Have you ever tried to walk on a beach at sunset and then look back to the road you have just walked? As far as we go ahead we feel smaller and perspectives change. We can walk east or west, but we will always have the sea at one side, and the land on the other.
And it is surprising to think that, anyway, all this is totally arbitrary. East of what? North of what?
Maps are one of the things that fascinate me most. They tell the history of people, peoples, cultures, life intertwined and stories that cross along some lines, often drawn by hand.
We cannot understand the history of a people without knowing its geography. If Swedes, Australians and Ghanaians have different economic and cultural situations this is partly because of the territory they live in. If our newspapers are full of dramatic news of wars every single day, this is also because of the geography of the countries.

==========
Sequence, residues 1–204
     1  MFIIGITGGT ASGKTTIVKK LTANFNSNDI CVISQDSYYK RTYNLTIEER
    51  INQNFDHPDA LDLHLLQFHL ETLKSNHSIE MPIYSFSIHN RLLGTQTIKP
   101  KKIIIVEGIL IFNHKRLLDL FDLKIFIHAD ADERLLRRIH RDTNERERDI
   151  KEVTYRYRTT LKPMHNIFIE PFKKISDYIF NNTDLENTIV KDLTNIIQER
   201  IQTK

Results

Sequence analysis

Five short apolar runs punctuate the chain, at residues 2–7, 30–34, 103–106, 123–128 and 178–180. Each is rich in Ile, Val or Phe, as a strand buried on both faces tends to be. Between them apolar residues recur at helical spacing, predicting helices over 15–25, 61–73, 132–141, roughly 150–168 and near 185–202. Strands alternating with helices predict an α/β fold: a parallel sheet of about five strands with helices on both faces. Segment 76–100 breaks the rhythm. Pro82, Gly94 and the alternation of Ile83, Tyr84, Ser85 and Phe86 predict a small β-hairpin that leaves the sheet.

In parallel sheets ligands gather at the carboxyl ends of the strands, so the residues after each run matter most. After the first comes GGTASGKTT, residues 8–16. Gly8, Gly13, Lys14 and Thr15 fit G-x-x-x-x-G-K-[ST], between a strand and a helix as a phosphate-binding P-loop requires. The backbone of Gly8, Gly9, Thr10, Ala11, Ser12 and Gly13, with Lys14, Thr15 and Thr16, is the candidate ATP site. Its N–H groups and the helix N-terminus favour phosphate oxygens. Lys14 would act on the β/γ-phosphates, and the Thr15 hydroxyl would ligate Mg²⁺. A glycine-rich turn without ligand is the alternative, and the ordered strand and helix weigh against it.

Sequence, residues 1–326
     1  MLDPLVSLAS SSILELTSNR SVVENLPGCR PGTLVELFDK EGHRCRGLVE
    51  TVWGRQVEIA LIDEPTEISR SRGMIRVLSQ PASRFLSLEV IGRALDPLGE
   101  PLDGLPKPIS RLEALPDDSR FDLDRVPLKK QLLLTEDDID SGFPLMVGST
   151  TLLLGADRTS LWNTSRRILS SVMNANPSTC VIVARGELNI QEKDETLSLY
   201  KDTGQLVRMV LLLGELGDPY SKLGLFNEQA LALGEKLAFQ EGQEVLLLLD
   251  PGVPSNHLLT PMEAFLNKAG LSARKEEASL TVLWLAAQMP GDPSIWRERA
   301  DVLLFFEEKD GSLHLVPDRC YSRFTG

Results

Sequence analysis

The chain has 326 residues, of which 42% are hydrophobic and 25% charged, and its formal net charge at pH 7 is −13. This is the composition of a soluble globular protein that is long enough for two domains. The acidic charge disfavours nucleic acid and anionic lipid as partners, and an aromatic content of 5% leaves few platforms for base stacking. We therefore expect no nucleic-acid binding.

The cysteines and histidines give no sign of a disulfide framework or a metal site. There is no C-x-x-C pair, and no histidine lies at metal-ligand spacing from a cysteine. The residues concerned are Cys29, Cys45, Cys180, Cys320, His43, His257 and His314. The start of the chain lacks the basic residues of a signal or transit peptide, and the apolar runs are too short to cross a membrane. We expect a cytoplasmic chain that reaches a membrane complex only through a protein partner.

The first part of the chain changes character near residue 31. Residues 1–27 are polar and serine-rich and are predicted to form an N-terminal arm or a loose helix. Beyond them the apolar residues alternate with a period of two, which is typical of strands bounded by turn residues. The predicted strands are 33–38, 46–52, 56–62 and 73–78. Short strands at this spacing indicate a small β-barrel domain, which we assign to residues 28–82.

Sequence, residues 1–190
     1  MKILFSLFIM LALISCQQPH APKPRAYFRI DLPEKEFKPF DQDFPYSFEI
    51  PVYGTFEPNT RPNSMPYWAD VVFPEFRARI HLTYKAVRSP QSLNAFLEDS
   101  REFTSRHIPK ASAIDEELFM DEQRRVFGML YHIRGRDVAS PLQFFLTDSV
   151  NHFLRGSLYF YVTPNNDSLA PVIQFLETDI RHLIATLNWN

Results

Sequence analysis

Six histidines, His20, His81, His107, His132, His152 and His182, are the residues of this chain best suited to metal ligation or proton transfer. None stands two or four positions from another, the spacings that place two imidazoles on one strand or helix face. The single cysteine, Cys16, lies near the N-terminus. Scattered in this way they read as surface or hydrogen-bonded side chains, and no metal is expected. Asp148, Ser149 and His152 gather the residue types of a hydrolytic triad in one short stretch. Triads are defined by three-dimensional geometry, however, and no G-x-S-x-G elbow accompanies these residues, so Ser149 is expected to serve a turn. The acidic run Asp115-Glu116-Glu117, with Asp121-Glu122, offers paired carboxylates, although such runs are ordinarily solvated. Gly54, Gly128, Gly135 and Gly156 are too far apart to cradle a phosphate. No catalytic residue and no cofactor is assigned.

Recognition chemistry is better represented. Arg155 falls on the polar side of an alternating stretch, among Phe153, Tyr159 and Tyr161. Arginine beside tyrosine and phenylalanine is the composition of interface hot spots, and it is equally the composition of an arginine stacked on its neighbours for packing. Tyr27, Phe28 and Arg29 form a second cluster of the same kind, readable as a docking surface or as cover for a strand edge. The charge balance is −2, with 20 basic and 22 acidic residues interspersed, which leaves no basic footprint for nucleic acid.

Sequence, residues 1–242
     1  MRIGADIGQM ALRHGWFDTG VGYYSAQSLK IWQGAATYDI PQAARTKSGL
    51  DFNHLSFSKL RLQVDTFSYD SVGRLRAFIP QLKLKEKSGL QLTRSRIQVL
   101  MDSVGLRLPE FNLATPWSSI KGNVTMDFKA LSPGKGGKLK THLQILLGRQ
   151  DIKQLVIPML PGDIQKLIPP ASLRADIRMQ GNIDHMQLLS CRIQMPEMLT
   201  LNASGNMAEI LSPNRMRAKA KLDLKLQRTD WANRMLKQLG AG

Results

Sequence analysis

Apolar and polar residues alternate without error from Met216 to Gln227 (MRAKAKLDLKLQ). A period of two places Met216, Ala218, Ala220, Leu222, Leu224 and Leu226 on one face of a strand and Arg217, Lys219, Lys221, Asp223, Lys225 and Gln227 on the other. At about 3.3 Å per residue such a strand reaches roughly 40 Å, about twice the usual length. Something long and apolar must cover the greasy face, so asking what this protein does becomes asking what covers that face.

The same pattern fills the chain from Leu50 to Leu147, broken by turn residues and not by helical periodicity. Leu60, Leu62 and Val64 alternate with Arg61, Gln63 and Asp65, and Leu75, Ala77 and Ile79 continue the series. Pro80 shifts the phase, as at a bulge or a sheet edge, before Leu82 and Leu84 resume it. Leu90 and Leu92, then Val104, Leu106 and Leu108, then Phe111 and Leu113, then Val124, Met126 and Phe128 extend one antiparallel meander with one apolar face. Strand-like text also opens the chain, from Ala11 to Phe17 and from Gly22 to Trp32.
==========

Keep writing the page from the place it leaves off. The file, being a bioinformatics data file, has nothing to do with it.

Nature shapes geography, geography shapes territories, territories shape the people and the people generate culture. But what happens if we turn the map around? Apparently, nothing.
The idea of having the North on top of maps is totally artificial. The convention came a few centuries ago when Northern hemisphere, European navigators started using the North star and the magnetic compass. Before that, the top of the map was to the East, which is where the word orientation comes from. And it might not be a coincidence that Europe is central in these maps.
But actually, everything changes. Setting Australia or Chile on the top north of the world, and Norway at the extreme south, means to turn upside down our scenarios and perspectives. It means to look at reality, being aware of relativism of the conventions. It means to look at others without calling them “different”, because we can also be different. It means to recall our sense of belonging, learning to shift our roots when necessary.
Turning upside down maps, and our gaze. Walking on a beach, learning how to shift the sea, if this helps us to navigate to new horizons.